The University of Southern California Marshall School of Business has joined a growing list of B-schools in adding a STEM (Science, Technology, Engineering, and Math) certification to its full-time MBA program. Announced yesterday (May 1), the new STEM certification in management science will officially launch this fall and be available to the Classes of 2020 and 2021 and beyond.
USC joins the University of Rochester’s Simon Business School, Duke University’s Fuqua School of Business, and the University of Wisconsin School of Business in offering at least part or all of a STEM-certified full-time MBA. Rochester Simon’s MBA was named the program of the year by Poets&Quants in 2018 for getting its entire MBA experience STEM certified (see MBA Program Of The Year: Rochester’s New STEM Play).
“This new specialization is designed to combine data-driven decision-making and analytics with the overall MBA program learning objectives of developing a global and entrepreneurial mindset, building a deep understanding of business fundamentals, and leading high-performing teams,” Vice Dean for Graduate Programs Suh-Pyng Ku said in a statement from the school. “The specialization in STEM certified Management Science will require the students to enroll in STEM qualified courses for about half of their electives program.”
AN INCREASINGLY ADOPTED STRATEGIC MOVE
Marshall’s certification will be similar to those offered at Duke and Wisconsin, where a set of electives will be required to gain a STEM-certified degree (see Duke Hikes Appeal Of Its MBA To Internationals). By contrast, Rochester’s Simon School has a fully dedicated STEM-certified MBA program, meaning full-time MBA students may gain STEM certification regardless of specialization.
Marshall’s program will include a suite of elective courses to fulfill the management science requirement established by the National Center for Education Statistics (NCES). The NCES defines the STEM-certified management science as “a general program that focuses on the application of statistical modeling, data warehousing, data mining, programming, forecasting, and operations research techniques to the analysis of problems of business organization and performance.”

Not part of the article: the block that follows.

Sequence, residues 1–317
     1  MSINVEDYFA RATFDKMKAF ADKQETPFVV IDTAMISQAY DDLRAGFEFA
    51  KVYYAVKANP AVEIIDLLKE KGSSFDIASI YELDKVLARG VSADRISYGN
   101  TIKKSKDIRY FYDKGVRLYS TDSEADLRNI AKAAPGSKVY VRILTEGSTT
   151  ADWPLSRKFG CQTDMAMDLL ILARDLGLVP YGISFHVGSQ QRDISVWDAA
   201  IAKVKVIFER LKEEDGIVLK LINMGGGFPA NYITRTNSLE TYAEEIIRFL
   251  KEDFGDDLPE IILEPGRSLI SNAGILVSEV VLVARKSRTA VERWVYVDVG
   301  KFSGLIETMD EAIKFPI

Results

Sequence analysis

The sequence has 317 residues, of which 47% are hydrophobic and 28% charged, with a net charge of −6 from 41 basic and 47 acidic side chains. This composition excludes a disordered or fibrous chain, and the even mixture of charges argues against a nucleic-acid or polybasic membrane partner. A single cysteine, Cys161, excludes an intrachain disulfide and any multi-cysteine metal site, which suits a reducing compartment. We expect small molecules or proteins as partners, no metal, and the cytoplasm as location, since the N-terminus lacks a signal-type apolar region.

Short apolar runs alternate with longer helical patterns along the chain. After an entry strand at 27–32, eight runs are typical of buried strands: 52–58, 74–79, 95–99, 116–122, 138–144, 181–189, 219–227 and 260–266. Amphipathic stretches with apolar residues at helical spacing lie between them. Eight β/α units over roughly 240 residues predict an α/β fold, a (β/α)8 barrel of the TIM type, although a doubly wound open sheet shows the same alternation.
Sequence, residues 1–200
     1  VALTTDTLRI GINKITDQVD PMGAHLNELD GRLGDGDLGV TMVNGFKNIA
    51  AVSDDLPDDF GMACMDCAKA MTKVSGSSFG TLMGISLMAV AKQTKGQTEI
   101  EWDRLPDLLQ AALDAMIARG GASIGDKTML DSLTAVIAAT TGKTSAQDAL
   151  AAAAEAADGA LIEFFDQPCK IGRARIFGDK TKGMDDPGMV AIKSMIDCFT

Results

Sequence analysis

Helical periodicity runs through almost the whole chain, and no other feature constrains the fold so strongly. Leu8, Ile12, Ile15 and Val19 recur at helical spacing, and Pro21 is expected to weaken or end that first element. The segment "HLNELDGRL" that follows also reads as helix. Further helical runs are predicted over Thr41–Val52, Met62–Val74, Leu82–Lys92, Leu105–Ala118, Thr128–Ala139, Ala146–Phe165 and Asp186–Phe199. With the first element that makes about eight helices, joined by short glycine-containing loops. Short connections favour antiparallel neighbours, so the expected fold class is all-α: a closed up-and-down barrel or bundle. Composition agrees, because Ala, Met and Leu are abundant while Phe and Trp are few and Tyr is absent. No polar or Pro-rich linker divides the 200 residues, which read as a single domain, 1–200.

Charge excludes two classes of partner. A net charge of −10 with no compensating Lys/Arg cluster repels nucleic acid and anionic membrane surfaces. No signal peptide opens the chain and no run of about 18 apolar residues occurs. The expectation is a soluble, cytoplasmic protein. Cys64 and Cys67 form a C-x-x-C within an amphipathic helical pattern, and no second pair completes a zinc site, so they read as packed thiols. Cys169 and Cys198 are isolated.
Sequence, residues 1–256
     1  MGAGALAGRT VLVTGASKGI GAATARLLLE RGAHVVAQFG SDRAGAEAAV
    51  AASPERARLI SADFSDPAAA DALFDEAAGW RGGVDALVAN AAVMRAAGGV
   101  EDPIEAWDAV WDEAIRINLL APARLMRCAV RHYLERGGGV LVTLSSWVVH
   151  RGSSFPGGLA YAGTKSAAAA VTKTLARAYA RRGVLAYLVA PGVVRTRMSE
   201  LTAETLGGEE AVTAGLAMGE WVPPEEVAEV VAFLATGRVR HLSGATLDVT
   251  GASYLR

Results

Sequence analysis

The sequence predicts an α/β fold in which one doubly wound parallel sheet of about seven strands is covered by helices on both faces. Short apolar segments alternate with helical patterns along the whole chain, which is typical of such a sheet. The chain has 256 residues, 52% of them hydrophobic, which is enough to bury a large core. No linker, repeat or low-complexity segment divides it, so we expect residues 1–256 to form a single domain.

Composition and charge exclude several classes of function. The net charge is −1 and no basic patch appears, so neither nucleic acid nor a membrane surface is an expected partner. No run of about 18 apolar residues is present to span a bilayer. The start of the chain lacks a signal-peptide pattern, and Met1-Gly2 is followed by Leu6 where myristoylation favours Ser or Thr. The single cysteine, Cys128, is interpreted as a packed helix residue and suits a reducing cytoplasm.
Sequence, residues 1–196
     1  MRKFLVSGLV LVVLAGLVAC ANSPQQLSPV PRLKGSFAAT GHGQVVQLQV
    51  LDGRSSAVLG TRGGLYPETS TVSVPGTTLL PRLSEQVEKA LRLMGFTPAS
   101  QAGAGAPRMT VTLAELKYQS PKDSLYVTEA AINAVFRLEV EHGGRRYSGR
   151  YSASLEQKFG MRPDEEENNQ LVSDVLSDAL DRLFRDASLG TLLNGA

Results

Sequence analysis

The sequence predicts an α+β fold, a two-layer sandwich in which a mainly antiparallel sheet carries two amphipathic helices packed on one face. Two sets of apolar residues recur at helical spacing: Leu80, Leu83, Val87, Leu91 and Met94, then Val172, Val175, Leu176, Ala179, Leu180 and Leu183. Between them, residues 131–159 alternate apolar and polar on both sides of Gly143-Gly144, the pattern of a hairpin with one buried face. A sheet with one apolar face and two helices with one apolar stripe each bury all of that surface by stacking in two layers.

There are two main benefits to adding a STEM portion to an MBA program: increasing competitiveness in the marketplace and a way around the H1b visas. According to the NCES, those earning an advanced degree or certification in a STEM field will earn higher salaries than those without. Plus, the continual merging of business and tech increasingly requires MBAs to have some general knowledge in science, engineering, and math. For international students, graduating with a STEM-designated MBA allows them to apply to a 24-month work extension compared to the 12-month work program for those without STEM-designated degrees. To qualify, STEM-certified programs must also be approved by the U.S. Department of Homeland Security.
“It is a reality of the technological economy today that many of the employers who recruit at USC offer positions, to say nothing of future jobs and leadership opportunities, that require STEM qualifications,” USC Marshall Assistant Dean and Graduate Career Services Director Mark Brostoff said in the school’s statement.
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